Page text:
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To Diet or to Exercise?

Posted Nov 04 2009 10:05pm

Is that the question?

By Marie Dufour, R.D.

Are we gaining weight because we eat more or because we exercise less? Researchers reporting at the European Congress on Obesity in Amsterdam found that excess food intake alone explains the obesity epidemic. 

 

Boyd Swinburn, M.D., of Deakin University in Australia, lead author of the study reports that  “Weight gain in the American population seems to be virtually all explained by eating more calories… It appears that changes in physical activity played a minimal role.”

Robert Lustig, M.D., an obesity researcher at the University of California San Francisco, contains that he majorities of obesity studies fail to show that exercise translates into sustained weight loss. 

However, researchers agree that reduced activity in children may predispose them to obesity later in life.  Scientists also point out to growing evidence that chemicals in the environment  –such as bisphenol A or BPA — may disrupt the endocrine system and prompt us to eat when we are, actually, full.

EXCESS CALORIES is not a new concept.  How many physicians tell their overweight patients to “just eat less?”  Unfortunately, eating less is easier said than done.  Chronic overeaters often feel threatened at the thought of no longer having unrestricted access to food, and the resulting anxiety causes an immediate reaction: eating more.  

With regards to caloric intake, “eating” is not just as a mealtime activity, but also includes mindless snacking, day-round beverage drinking, alcohol ingesting and other candy and ice-cream treating.  It is the entire concept of INTAKE that needs to be taken into consideration: what we eat, drink, suck, lick, chew, sip,  purposely or mindlessly.

Perhaps there is little we can do to quickly change the environment, but we can control our INTAKE.  In fact, it is very effective in the treatment of morbid obesity by bariatric surgery (lapband or gastric bypass).  But bariatric surgery is a drastic, invasive step with long-term ramifications that should only be considered when all other avenues have been exhausted.

EATING WITH A PURPOSE (EWAP) is a way to look at nutrition as a precursor to healthy and happy living.  Each age, each stage of life, each mental and physical state elicits a purpose in life.  Just as physical activity varies with life stages, so does nutrition.  Matching our nutrition to our needs-in-time is the key to the EWAP plan.  More on this in the next blog.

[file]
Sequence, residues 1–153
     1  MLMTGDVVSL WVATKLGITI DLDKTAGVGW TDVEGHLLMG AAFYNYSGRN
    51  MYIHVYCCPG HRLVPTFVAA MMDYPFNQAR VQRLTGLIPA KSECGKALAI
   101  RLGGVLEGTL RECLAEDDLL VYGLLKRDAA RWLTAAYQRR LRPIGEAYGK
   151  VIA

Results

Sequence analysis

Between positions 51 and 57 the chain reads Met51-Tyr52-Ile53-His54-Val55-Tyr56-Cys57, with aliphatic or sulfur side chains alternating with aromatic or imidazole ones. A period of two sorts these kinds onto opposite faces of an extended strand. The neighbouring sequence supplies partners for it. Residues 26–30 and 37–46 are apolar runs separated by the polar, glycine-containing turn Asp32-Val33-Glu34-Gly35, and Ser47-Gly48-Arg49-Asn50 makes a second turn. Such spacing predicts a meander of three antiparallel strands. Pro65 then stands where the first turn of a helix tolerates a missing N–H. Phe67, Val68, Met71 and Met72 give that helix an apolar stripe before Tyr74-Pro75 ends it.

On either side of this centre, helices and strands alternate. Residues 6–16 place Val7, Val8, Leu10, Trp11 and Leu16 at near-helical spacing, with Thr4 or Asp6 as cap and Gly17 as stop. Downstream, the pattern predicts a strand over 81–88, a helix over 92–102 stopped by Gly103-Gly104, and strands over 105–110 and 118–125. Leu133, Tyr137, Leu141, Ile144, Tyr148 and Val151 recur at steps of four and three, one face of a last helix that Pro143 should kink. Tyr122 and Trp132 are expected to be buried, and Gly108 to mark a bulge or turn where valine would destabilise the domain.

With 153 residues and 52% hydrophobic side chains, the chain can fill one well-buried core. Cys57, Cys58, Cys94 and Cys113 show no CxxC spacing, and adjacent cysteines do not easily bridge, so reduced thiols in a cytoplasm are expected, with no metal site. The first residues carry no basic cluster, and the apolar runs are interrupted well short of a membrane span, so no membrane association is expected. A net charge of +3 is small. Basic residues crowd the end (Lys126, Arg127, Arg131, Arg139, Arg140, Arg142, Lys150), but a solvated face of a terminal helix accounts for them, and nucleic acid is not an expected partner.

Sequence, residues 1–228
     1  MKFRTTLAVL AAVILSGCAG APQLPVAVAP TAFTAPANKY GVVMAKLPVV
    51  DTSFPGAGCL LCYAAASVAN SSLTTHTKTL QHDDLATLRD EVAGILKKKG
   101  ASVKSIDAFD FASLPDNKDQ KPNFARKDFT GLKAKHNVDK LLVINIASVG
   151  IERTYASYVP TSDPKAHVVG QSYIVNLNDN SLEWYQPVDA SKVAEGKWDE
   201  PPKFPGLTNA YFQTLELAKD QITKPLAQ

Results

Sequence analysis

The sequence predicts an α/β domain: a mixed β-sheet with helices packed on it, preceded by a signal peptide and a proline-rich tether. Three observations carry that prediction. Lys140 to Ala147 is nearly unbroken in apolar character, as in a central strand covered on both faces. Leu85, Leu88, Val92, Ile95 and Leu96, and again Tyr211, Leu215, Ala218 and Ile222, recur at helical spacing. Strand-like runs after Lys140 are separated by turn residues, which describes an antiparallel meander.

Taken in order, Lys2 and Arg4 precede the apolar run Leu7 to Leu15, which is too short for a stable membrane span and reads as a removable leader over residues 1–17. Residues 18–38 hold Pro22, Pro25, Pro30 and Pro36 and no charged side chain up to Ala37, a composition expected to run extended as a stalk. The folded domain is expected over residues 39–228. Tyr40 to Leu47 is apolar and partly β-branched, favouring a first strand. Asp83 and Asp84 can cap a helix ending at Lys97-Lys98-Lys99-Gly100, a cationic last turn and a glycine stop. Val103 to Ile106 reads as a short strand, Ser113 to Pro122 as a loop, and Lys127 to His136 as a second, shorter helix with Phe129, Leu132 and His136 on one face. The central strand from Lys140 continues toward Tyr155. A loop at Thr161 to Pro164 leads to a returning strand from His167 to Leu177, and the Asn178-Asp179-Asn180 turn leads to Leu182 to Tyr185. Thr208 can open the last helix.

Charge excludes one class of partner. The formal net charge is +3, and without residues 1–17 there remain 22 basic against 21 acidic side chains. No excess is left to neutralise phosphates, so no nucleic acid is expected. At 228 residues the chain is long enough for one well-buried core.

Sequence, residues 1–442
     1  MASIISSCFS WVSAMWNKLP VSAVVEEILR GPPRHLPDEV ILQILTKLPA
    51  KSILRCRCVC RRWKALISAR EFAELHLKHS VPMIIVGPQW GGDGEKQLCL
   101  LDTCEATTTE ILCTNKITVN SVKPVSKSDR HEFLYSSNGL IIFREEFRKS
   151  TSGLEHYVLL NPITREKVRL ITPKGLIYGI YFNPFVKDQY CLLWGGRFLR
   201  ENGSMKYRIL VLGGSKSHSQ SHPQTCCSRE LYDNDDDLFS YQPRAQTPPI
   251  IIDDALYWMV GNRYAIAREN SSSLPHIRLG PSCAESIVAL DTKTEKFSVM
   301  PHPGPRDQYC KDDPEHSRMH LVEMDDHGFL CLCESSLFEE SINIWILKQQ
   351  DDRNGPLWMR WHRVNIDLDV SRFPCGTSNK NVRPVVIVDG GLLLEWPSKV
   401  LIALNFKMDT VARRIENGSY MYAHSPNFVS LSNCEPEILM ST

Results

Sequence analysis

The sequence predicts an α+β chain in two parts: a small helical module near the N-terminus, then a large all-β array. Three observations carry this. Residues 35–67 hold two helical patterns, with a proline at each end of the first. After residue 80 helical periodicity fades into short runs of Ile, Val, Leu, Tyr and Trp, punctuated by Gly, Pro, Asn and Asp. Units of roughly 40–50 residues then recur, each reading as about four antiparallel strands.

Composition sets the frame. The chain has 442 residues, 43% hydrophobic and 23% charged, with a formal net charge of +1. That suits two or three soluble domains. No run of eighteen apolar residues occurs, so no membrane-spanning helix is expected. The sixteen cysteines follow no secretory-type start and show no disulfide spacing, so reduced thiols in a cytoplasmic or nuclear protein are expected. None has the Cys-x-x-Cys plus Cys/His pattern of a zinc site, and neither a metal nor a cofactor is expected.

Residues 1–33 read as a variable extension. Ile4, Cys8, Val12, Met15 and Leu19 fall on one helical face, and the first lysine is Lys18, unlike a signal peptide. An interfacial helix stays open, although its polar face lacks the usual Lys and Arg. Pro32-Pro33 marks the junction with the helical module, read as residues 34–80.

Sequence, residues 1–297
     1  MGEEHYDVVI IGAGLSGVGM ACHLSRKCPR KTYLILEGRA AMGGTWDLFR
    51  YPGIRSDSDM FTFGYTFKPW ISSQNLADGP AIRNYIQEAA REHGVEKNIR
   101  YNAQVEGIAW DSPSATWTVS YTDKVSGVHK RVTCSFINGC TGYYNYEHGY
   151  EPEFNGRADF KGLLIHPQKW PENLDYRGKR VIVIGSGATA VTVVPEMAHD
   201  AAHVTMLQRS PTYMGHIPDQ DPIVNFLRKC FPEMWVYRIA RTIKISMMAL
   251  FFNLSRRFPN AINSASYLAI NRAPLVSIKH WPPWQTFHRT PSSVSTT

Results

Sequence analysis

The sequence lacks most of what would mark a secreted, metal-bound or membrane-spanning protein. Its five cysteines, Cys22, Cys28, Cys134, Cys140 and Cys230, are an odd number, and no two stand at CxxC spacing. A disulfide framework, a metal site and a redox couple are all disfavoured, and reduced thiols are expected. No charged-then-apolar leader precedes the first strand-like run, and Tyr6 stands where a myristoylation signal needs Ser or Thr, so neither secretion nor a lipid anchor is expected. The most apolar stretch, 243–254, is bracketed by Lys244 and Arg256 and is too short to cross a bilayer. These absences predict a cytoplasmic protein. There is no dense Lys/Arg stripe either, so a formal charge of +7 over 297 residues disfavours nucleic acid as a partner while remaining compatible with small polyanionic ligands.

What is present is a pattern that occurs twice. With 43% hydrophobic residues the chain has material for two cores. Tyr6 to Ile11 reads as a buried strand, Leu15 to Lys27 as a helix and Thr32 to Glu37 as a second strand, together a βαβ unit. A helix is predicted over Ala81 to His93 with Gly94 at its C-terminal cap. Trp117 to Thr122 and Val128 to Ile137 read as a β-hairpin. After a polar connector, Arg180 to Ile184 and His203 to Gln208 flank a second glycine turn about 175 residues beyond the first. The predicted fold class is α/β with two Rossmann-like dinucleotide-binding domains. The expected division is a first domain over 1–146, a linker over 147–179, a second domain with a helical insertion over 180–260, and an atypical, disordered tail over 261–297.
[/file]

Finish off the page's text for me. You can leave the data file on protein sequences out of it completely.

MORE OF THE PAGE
Primary source: European Congress on Obesity

Source reference:

Swinburn BA, et al “Increased energy intake alone virtually explains all the increase in body weight in the United States from 1970s to the 2000s” ECO 2009.

Filed under: diet, diet, healthy eating, nutrition, weight control, weight loss

Is that the question?

By Marie Dufour, R.D.

Are we gaining weight because we eat more or because we exercise less? Researchers reporting at the European Congress on Obesity in Amsterdam found that excess food intake alone explains the obesity epidemic. 

 

Boyd Swinburn, M.D., of Deakin University in Australia, lead author of the study reports that  “Weight gain in the American population seems to be virtually all explained by eating more calories… It appears that changes in physical activity played a minimal role.”

Robert Lustig, M.D., an obesity researcher at the University of California San Francisco, contains that he majorities of obesity studies fail to show that exercise translates into sustained weight loss. 

However, researchers agree that reduced activity in children may predispose them to obesity later in life.  Scientists also point out to growing evidence that chemicals in the environment  –such as bisphenol A or BPA — may disrupt the endocrine system and prompt us to eat when we are, actually, full.

EXCESS CALORIES is not a new concept.  How many physicians tell their overweight patients to “just eat less?”  Unfortunately, eating less is easier said than done.  Chronic overeaters often feel threatened at the thought of no longer having unrestricted access to food, and the resulting anxiety causes an immediate reaction: eating more.  

With regards to caloric intake, “eating” is not just as a mealtime activity, but also includes mindless snacking, day-round beverage drinking, alcohol ingesting and other candy and ice-cream treating.  It is the entire concept of INTAKE that needs to be taken into consideration: what we eat, drink, suck, lick, chew, sip,  purposely or mindlessly.

Perhaps there is little we can do to quickly change the environment, but we can control our INTAKE.  In fact, it is very effective in the treatment of morbid obesity by bariatric surgery (lapband or gastric bypass).  But bariatric surgery is a drastic, invasive step with long-term ramifications that should only be considered when all other avenues have been exhausted.

EATING WITH A PURPOSE (EWAP) is a way to look at nutrition as a precursor to healthy and happy living.  Each age, each stage of life, each mental and physical state elicits a purpose in life.  Just as physical activity varies with life stages, so does nutrition.  Matching our nutrition to our needs-in-time is the key to the EWAP plan.  More on this in the next blog.

Primary source: European Congress on Obesity

Source reference:

Swinburn BA, et al “Increased energy intake alone virtually explains all the increase in body weight in the United States from 1970s to the 2000s” ECO 2009.

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